For those not familiar with it the Analytical Perspectives is a companion to the President’s Annual Budget and is a massive compilation of Tables and Figures and explanatory material on all aspects of the economy and of government operations as they pertain to the Budget. And since all such aspects do pertain the Analytical Perspectives offers a comprehensive counterpose to similar (though generally less comprehensive) publications including various Annual Reports of government agencies (cough, cough ** Social Security Administration ** cough) and of CBO Budget Outlook and other publications. For example it allows side by side comparisons of such things as unemployment and GDP projections.

The Analytical Perspectives also serve as a textbook on Government Financial Reporting and so explains why interest payments on say the Social Security Trust Fund are not counted as “outlays”. As defined. In the handy Glossary. It doesn’t make for easy reading but is valuable for all that. Or because of all that. For many of us will come out of a reading understanding that much of our “common sense” “knowledge” of what budget terms HAVE to mean (because we speak English or even Financial Accounting) do not necessarily have the same connotations or even denotations.

For example “deficit”. Anyway I am going to try to re-read the sections on Social Security and examine the contrasting economic projections as compared to those found in the Social Security Reports and corresponding CBO publications. Because the Government does NOT speak with one voice on these matters.

As time allows I will try to break out some Tables into files that can be imported into Excel and other spreadsheet programs. It should be noted that these will still be Tables and not computed Spreadsheets, i.e. no embedded formulae. Still THERE WILL BE NUMBERS. Lots of ’em. Good computing everyone.

Tags: , , Comments (38) | |

Ryan’s Hope and Change

Jonathan (FBD) Weisman hands the mike to Paul Ryan who denounces Obama’s trickledown envy economics

Mr Ryan [skip] also opposed “envy economics,” a hit on Mr. Obama’s proposals to curb tax breaks on huge individual retirement accounts, to raise the capital gains tax and to tax inheritances based on the value of assets when they were purchased, not based on their value when the owner died.

[skip]

Mr. Ryan says, the creators are doing well. Others are not.

“The Obamanomics that we’re practicing now have exacerbated inequality. They’ve exacerbated stagnation. They’re made things worse,” he said. “The wealthy are doing really well. They’re practicing trickle down economics now.”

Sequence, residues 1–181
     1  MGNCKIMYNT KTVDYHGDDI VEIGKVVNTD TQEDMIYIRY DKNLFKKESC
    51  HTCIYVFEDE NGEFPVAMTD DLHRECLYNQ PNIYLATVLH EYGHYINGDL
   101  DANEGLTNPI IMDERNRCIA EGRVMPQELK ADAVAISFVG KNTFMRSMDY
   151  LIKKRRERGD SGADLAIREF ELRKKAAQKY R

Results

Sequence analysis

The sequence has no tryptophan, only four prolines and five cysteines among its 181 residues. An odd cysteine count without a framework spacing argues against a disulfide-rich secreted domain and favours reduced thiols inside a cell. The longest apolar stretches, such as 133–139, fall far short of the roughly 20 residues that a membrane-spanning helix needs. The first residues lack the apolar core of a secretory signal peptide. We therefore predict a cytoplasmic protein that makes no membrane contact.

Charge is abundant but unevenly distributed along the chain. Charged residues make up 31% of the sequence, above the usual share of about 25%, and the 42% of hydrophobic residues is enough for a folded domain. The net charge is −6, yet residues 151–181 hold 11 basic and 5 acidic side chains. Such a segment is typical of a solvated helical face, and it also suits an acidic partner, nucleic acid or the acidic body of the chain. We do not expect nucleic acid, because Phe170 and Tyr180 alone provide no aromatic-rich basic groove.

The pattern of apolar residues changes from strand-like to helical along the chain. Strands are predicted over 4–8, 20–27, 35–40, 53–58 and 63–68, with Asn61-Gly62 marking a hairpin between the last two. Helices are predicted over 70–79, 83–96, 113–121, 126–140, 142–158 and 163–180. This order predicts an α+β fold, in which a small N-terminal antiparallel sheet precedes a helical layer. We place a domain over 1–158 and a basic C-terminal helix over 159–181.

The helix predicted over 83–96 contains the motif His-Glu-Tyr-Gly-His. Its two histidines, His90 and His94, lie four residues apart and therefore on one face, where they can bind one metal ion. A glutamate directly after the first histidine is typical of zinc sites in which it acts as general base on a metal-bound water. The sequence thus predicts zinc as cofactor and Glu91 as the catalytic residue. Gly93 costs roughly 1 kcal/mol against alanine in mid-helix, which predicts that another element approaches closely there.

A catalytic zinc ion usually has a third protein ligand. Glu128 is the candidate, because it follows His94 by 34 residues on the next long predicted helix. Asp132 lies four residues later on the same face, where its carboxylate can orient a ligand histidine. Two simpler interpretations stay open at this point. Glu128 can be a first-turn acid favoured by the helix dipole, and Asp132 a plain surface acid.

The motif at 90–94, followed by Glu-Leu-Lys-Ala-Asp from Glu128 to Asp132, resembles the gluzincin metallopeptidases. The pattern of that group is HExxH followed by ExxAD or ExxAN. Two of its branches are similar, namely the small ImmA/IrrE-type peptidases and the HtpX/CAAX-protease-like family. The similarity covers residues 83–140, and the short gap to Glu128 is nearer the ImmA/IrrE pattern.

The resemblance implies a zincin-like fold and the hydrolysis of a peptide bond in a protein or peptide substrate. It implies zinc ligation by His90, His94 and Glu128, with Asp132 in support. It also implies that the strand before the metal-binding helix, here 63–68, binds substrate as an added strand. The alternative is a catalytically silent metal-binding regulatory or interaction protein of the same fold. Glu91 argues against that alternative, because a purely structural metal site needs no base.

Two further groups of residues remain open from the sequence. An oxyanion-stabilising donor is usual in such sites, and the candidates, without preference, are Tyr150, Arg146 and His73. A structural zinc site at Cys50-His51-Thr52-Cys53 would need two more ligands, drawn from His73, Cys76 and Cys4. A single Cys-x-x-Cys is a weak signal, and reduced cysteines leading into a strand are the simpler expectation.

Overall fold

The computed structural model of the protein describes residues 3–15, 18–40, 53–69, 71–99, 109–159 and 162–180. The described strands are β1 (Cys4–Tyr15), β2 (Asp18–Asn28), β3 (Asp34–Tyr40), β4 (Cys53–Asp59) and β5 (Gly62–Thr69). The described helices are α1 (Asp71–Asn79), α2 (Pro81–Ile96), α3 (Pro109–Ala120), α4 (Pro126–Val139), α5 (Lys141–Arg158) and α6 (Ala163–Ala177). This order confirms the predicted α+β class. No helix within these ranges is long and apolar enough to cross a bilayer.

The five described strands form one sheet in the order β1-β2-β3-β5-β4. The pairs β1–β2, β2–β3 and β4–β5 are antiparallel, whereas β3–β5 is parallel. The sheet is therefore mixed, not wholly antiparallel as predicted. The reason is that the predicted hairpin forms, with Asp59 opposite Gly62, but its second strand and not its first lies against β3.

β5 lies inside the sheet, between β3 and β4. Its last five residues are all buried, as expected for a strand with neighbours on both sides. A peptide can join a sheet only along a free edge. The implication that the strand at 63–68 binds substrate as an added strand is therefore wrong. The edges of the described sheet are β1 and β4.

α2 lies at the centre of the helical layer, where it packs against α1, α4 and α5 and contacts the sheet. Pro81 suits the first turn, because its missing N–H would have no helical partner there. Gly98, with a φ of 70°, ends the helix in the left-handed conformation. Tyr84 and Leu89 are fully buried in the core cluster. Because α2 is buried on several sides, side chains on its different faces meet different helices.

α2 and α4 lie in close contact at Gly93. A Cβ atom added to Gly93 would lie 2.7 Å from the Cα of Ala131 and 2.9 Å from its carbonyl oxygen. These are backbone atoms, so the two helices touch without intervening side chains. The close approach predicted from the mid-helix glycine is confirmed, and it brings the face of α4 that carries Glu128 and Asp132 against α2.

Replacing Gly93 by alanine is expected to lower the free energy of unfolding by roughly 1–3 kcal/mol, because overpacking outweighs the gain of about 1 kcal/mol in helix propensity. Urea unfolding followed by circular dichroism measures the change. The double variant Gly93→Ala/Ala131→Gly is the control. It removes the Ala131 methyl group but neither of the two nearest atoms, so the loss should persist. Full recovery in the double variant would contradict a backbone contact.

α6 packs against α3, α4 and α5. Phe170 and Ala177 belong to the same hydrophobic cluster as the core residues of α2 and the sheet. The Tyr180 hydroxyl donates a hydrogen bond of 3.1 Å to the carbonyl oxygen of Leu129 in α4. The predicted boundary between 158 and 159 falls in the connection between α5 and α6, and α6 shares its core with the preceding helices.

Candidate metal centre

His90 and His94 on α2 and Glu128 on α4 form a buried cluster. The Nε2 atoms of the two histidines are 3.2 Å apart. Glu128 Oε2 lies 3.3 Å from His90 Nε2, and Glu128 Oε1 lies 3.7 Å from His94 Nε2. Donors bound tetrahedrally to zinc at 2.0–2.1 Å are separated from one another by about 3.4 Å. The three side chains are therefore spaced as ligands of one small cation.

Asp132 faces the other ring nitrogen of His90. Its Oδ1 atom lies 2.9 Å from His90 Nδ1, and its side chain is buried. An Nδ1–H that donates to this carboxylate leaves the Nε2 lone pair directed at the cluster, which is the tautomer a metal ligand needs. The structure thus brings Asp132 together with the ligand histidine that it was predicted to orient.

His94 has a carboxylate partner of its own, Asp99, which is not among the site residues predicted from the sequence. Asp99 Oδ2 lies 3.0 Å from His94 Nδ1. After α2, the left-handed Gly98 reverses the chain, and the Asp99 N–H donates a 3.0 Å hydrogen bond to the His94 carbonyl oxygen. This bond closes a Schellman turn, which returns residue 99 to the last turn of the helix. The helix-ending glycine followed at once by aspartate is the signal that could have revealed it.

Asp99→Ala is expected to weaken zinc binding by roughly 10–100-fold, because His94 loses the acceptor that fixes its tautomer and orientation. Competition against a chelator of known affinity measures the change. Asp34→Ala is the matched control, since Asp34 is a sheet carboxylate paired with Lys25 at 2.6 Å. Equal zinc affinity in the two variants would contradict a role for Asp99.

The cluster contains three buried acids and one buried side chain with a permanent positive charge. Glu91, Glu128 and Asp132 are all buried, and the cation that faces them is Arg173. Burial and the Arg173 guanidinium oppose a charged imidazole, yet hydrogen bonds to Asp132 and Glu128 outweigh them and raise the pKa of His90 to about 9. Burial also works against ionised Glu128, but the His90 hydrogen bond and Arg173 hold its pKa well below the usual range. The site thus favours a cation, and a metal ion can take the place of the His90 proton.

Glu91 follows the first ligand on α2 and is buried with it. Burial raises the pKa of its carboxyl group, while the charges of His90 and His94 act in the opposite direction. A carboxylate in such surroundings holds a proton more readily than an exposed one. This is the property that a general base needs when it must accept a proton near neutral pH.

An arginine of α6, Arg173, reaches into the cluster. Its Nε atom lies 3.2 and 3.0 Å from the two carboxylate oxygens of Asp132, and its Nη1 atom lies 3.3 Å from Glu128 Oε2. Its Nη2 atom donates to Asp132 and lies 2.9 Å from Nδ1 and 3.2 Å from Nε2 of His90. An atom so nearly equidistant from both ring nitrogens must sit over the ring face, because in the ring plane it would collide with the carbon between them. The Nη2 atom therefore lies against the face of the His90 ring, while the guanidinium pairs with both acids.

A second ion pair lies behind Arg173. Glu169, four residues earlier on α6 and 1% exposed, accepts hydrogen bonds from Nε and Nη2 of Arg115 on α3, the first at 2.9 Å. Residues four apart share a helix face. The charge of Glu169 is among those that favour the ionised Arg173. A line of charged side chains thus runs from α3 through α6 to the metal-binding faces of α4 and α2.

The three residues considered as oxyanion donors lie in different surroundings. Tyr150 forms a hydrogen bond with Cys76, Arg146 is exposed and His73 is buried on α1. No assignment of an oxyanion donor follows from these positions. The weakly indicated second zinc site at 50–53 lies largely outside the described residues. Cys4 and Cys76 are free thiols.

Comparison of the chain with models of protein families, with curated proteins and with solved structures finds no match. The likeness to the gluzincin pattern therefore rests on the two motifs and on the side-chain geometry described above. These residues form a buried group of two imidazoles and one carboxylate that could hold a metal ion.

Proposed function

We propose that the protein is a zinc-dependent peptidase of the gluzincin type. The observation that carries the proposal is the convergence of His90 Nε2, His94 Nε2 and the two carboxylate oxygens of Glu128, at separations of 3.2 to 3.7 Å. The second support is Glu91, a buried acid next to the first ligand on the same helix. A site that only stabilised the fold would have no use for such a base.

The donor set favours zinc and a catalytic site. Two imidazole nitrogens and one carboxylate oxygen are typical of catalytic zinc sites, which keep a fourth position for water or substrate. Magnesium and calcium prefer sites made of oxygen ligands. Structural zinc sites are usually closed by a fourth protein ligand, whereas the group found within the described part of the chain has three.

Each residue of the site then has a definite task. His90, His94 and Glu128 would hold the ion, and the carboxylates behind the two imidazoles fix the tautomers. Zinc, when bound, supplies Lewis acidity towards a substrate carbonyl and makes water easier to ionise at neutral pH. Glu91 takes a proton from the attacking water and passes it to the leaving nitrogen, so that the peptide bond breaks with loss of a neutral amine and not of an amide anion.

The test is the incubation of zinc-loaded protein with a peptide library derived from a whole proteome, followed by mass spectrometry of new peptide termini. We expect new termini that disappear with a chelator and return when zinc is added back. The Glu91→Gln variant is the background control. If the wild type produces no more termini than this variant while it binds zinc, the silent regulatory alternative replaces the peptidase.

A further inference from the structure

Now it isn’t completely clear to me if the last “they” refers to the wealthy or to the Obamanomists. The sentence makes no sense either way.

But the point is that supply sider Ryan, after reinventing himself as a green eyeshade deficit hawk when the villagers agreed that the deficit was the defining issue of our times, is trying to re-reinvent himself as someone who cares about inequality now that the conventional wisdom is “what may be the defining economic issue of the era — the rising gap between the rich and everyone else —”.

I am not a fan of Mr Weisman. However, both his willingness to quote Ryan at length and his epitomizing of the VSP consensus make this article fascinating.

I do have a problem with the abstract “President Obama’s proposed 10-year budget, to be announced on Monday, will focus on increasing the incomes of the middle class through new spending and tax credits, while adding nearly $6 trillion to the debt” and this sentence “President Obama will propose a 10-year budget on Monday that stabilizes the federal deficit but does not seek balance, instead focusing on policies to address income inequality as he adds nearly $6 trillion to the debt.” The reason is that the proposed reforms “address income inequality” are paired with the total 10 year deficit. It seems to me that the reasonable comparison is the proposed reforms and the proposed 10 year deficit minus the business as usual 10 year deficit.

Weisman (and the anonymous Post staffer) could have well have written that Obama proposes mass production of the extremely expensive F-35 flysing Swiss Army knife and an additional $ 6 trillion in debt. With a bit of work, they could even have reported on the effect of Obama’s proposed reforms on the deficit. But they didn’t.

Weisman didn’t even make it clear that the $ 6 trillion is the proposed 10 year deficit (not the proposed increase in the 10 year deficit). I am sure it is, because the article also says that the debt/GDP ratio will remain about 75% and I can do the math.

Comments (16) | |